Butler County's great daily newspaper

Driver in fatal crash had drugs, alcohol in his body

August 6, 2014 News Extra

Advertisement | Advertise Here

A man with a history of suicidal tendencies was under the influence of alcohol and drugs when he may have purposely caused a head-on crash that killed himself and a mother of three on a Butler County road in June, authorities said.

Toxicology reports showed 38-year-old Michael H. Reid of Butler Township was over the legal limit for alcohol and he had an antidepressant and synthetic codeine in his body when he died.

“He was obviously impaired,” state police Lt. Eric Hermick said of Reid.

Police say Reid was speeding — possibly traveling as much as 100 mph — on Route 68 in Forward Township about 11:20 p.m. June 18 when he drove into the oncoming lane and hit a Jeep Cherokee driven by Hannah Swigart.

Reid and Swigart, 36, of Butler, who had never crossed paths in their lives, both died instantly.

Police recently received the results of toxicology testing that revealed Reid’s blood-alcohol was 0.098 percent. A level of 0.08 percent is considered intoxicated under law.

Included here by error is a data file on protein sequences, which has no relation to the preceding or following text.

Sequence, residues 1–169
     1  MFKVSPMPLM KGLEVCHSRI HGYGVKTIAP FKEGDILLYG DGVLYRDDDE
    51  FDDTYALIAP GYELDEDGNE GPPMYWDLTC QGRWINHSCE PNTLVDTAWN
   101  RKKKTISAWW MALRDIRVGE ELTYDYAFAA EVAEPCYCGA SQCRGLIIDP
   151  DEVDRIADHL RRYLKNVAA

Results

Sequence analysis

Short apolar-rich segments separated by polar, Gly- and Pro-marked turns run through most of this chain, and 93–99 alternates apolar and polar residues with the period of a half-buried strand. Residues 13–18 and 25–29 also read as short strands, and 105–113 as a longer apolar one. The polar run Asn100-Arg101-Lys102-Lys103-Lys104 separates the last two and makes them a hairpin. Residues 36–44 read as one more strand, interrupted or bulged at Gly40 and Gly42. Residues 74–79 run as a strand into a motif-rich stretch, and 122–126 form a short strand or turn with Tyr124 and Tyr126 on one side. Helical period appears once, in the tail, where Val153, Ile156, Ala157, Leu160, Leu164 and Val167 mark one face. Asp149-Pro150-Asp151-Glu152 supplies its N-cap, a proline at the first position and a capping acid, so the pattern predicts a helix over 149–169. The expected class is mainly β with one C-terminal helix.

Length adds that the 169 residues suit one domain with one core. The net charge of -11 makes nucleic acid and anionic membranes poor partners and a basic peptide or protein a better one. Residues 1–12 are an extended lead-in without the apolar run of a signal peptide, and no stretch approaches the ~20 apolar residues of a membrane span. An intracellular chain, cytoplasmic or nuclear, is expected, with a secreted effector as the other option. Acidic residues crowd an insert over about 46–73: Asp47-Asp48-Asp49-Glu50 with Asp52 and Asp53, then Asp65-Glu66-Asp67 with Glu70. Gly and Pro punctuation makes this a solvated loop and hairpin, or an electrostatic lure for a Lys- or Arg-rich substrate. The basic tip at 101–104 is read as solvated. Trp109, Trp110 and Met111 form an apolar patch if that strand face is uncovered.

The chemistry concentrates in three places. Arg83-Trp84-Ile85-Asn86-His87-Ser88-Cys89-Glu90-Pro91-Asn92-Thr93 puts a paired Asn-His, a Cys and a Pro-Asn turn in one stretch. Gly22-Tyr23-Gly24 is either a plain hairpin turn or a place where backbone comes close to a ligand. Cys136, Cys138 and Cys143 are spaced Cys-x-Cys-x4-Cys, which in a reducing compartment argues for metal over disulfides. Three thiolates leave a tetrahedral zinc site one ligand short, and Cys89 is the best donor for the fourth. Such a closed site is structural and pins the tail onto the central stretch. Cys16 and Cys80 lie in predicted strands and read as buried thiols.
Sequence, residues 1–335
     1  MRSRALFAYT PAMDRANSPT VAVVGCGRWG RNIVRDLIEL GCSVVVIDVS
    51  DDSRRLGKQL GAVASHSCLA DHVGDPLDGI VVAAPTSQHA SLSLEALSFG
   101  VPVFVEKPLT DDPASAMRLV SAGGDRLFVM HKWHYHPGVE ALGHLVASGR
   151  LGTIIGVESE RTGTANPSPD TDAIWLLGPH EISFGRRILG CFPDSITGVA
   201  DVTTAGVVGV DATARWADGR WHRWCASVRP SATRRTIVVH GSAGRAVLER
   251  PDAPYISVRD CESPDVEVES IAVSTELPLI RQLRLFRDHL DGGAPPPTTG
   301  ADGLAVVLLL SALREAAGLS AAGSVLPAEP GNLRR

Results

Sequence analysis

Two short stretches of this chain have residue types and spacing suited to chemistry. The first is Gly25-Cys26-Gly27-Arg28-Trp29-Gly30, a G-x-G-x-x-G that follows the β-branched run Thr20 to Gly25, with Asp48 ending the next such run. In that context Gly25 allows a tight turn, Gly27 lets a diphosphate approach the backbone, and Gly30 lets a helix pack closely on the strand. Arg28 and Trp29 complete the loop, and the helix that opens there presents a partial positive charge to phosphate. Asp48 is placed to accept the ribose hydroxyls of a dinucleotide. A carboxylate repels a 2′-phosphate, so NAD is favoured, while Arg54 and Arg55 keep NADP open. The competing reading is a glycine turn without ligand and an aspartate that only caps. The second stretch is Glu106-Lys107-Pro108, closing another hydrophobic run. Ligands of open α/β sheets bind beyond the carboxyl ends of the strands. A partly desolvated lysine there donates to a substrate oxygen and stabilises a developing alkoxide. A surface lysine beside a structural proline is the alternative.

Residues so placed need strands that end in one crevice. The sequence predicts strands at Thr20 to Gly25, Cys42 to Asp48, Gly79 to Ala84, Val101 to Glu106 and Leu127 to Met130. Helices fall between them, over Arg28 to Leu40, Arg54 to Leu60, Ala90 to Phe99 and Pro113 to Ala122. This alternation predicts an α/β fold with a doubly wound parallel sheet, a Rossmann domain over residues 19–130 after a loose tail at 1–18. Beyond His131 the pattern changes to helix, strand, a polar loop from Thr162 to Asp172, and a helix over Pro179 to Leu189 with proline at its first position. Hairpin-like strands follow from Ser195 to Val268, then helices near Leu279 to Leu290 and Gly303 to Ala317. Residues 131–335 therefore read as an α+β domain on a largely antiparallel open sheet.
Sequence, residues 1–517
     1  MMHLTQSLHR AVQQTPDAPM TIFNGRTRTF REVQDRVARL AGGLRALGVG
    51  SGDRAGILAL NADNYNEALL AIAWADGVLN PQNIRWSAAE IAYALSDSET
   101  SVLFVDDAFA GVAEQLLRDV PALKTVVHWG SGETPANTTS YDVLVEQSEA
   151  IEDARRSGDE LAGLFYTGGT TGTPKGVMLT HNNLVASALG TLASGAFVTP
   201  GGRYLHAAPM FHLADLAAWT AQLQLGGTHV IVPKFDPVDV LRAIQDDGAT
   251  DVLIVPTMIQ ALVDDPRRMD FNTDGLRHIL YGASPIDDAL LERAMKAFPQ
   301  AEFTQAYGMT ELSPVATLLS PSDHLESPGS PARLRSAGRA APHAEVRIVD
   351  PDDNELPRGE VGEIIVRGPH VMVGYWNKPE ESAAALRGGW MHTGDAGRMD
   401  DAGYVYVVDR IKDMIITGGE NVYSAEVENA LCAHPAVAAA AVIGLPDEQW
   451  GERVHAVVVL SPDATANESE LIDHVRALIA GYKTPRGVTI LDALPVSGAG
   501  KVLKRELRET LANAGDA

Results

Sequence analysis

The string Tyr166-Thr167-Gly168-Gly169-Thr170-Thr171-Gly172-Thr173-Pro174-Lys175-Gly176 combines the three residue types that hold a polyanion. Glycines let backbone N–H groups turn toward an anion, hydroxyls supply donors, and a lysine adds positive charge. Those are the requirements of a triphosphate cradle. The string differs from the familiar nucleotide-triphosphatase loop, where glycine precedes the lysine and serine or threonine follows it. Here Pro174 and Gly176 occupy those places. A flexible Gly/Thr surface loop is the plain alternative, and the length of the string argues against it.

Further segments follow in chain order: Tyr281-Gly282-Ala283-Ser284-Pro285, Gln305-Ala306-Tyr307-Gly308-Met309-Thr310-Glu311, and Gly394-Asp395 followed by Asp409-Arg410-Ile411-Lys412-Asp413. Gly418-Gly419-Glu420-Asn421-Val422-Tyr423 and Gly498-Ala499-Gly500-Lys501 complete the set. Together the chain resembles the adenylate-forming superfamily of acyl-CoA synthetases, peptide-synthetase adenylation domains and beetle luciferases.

Reid’s blood also tested positive for paroxetine, a central nervous system medication that is marketed as Paxil. It is used to treat such conditions as depression, obsessive-compulsive disorder, anxiety disorders and post-traumatic stress disorder.

Hermick said he did not know if Reid had a prescription for Paxil. However, the toxicology report indicated that he had an abnormally high level of the drug.

“A normal dose is 86 nanograms per milliliter” Hermick said. “(Reid) had 110 nanograms.”

According to WebMD website, the drug can make users dizzy or drowsy or cause blurred vision.

Additionally, Reid had dextromethorphan, or DXM, in his system, police said. DXM is considered a synthetic of codeine, and is used in hundreds of over-the-counter medications including cough syrup.

In Pennsylvania, DXM is classified as a “potential driver impairing” drug.

Only minutes before the deadly wreck, investigators said, Reid’s ex-girlfriend called 911 to report that he had violated a protection at her Butler Township home.

He had left by the time an officer arrived, but he called his girlfriend who handed the phone to the officer so he could speak to Reid.

“He said, ‘I’m not coming up to talk to you. You’ll read about me in the paper tomorrow,’” said Butler Township Police Chief John Hays.

Butler County Court records show Reid had attempted suicide before.

Based on what Reid told police the night of the wreck and his history of suicide attempts, Hermick said he believes the crash was likely intentional.

“But the coroner can’t say that beyond a reasonable doubt,” Hermick said.

Share this article: